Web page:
Tom Bailey: Science Fiction

This comes 27 years after the release of the Thompson Twins’ eighth and final album Queer, and is the band’s founder and front man’s debut solo album. Whatever else he’s been doing, he’s stashed away some good songs. This manages to sound both like a throwback to the 80s, and something modern. The song-writing is […]

Jorja Smith: Lost and Found

While Anne-Marie goes for the formulaic and makes a fun album, Smith shows how the grown-ups do it. The 20-year-old singer has a smooth, soulful voice and blends soul and trip-hop on her debut album in a way that’s both retro and modern. She reminds us of one of our guilty pleasures, Deniece Williams, the […]

Sarah Blasko: Depth of Field

This fine pop album has its roots firmly in the 80s, while sounding modern: no dated, overly brassy 80s production here. The feel of the music reminds us of classic acts such as from Donna Summer to INXS, and even Pictures at 11-era Robert Plant, as well as Kim Carnes’ Bette Davis Eyes, the latter […]

Anne-Marie: Speak Your Mind

This is everything that’s right and wrong about modern pop music. Wrong, because it’s as formulaic as they come – EDM beat, X Factor-style vocals, lavish production but little melody (it’s all about the beat, man….) — but right because it’s impossible not to enjoy it, and it’s cheerful. Anne-Marie can sing: Wikipedia reports she […]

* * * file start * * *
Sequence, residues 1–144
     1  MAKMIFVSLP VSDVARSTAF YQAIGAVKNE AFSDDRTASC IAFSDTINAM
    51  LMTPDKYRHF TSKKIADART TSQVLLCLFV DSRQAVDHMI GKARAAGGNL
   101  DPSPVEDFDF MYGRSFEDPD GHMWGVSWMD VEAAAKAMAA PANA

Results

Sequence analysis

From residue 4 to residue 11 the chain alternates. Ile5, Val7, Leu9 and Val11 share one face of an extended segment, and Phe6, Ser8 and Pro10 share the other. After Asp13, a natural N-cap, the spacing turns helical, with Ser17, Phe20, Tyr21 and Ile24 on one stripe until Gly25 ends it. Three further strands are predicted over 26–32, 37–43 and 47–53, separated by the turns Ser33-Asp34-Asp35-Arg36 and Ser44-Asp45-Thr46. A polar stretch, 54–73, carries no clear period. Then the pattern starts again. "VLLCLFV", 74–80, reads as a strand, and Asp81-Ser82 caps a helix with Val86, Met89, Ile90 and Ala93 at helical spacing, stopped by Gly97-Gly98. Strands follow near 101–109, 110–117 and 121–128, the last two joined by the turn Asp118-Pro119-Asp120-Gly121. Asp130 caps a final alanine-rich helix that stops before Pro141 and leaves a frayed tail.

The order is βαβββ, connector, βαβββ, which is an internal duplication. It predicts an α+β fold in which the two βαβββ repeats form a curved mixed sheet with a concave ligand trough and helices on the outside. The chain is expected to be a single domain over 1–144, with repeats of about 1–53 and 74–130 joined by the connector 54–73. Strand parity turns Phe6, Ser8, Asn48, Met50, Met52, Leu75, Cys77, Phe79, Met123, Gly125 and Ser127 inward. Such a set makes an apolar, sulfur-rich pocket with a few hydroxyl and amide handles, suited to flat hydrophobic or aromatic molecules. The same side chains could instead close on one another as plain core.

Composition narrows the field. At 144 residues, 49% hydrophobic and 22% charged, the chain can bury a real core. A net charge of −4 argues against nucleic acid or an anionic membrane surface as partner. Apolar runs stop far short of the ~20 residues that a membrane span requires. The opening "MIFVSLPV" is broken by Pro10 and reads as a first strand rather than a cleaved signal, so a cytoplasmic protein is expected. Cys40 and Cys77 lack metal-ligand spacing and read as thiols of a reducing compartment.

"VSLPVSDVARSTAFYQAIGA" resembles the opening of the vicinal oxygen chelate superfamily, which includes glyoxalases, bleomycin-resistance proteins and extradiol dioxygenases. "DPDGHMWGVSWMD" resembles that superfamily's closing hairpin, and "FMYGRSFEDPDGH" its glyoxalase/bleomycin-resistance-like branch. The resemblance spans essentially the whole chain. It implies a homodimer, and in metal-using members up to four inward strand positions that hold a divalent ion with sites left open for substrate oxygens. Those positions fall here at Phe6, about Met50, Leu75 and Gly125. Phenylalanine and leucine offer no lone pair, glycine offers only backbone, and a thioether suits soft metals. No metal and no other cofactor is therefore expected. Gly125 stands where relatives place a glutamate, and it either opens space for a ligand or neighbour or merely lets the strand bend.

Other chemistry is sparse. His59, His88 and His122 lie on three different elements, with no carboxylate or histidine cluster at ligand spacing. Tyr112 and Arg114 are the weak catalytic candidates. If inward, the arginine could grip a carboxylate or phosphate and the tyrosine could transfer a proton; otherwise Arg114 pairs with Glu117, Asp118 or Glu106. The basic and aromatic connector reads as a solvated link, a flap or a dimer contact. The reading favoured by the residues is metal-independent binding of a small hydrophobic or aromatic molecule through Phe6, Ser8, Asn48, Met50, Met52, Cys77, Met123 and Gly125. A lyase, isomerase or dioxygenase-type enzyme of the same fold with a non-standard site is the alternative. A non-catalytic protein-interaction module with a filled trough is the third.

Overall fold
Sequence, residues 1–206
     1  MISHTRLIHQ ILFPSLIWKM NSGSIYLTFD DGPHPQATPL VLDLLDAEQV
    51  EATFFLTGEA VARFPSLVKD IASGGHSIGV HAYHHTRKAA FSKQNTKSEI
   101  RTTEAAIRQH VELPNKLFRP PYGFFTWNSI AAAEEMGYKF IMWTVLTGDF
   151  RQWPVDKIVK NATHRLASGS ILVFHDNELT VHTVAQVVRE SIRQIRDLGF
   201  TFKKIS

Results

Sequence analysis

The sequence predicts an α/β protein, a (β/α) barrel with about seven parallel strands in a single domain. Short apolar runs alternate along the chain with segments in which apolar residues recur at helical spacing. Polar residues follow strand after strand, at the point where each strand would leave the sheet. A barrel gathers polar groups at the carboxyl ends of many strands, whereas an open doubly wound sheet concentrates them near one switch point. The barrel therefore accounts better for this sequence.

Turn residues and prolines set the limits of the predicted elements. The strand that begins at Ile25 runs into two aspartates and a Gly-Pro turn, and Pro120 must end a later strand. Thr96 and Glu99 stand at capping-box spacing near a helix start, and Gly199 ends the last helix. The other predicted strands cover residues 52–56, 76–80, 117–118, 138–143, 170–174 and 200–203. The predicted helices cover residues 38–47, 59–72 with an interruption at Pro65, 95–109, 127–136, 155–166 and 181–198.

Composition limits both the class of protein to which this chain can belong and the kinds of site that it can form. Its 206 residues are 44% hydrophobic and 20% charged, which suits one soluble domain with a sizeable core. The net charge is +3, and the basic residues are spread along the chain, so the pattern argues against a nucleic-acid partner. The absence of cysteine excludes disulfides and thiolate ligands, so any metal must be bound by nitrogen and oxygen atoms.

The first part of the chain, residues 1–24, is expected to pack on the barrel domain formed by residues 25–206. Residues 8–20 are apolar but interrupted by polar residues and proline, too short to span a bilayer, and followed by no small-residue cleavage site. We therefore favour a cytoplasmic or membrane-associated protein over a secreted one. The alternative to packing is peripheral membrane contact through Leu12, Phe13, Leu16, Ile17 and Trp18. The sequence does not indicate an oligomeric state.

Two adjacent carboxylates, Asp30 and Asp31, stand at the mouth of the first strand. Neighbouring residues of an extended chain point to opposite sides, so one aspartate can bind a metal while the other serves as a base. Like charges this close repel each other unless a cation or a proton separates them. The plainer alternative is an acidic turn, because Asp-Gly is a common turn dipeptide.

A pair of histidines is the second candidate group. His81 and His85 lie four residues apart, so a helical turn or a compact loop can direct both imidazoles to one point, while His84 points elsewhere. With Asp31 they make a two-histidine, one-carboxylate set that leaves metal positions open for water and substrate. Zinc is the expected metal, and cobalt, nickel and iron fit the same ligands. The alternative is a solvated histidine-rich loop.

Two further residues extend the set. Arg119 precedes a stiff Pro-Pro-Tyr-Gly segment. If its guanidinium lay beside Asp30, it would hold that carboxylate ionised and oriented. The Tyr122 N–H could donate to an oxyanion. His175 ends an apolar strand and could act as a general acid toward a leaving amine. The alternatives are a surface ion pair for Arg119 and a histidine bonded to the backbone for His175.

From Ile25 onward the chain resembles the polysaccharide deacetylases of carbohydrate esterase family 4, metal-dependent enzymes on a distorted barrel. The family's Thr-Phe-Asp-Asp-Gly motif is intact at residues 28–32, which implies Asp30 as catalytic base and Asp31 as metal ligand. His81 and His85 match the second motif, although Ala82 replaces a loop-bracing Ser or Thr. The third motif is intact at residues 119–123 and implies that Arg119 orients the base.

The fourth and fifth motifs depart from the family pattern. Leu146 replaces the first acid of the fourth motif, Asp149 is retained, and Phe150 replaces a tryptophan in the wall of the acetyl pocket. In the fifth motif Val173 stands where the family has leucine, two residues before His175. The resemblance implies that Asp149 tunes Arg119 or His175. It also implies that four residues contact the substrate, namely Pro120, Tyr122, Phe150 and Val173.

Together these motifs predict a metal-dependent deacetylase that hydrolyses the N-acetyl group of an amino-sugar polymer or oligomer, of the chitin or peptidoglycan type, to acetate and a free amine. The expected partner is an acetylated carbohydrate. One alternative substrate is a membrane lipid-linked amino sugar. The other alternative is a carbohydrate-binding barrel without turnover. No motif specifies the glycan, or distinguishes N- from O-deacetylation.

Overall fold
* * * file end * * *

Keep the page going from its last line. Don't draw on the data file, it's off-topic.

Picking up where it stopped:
Matt Maltese: Bad Contestant

He’s got an unusual name, and this is an unusual album, somewhere between Frank Sinatra and Stephin Merritt, of The Magnetic Fields fame; his approach is also like Squeeze, slightly lugubrious pop with lyrics that tell stories. You could cite Morrissey, too, or The Divine Comedy. Maltese talks about life with a perennial hangdog expression, […]

Sean McGowan: Son Of The Smith

This came as a download and we thought it was Shane McGowan, drunken Pogue; we were not expecting the “cor blimey guv’nor” sound of the latest everyman poet McGowan clearly hopes to be. McGowan is a cross between sturdy man of the people Frank Turner and young voice of the streets Jamie T. His band […]

Weezer: Pacific Daydream

Even for us this review is tardy: the Press release is dated 1st December (2017, we’re not that useless), though it may have arrived after that date. Not that they’d mind; their work-rate is sporadic (though 12 albums in 24 years is not too bad), with main-man Rivers Cuomo enrolling at Harvard University after their […]

Steele: Paroxysm

Steel is following in a line of atmospheric singers from, well, forever: Charlotte Gainsbourg is a veteran, people like Lana Del Rey are newer. Steele is half-Swedish and half-British, and lives in Stockholm. She’s got something of that Scandi dreaminess going on in her music. She calls her music “melancholic, bittersweet and progressive” and “cinematic […]

Rebelution: Free Rein

This is reggae, but the sunny, chilled music reminds us most of Jack Johnson; music for lighting a fire on the beach after a hard day’s surfing. Then sinking some beers and saying dude a lot. Rebelution are new to us but the internet informs us they’re big in the States. Their first full-length album, […]

Cruising With…. Jane McDonald

Ahoy,  shipmates! Trying to rate this on musical terms is as pointless as a bookie’s pencil. There is no pattern to the songs — the set-list goes from Ultravox’s Vienna to Frozen’s Let It Go, and takes in Mambo Italiano and Bjork’s It’s Oh So Quiet. Eclectic, to say the least. To call the covers […]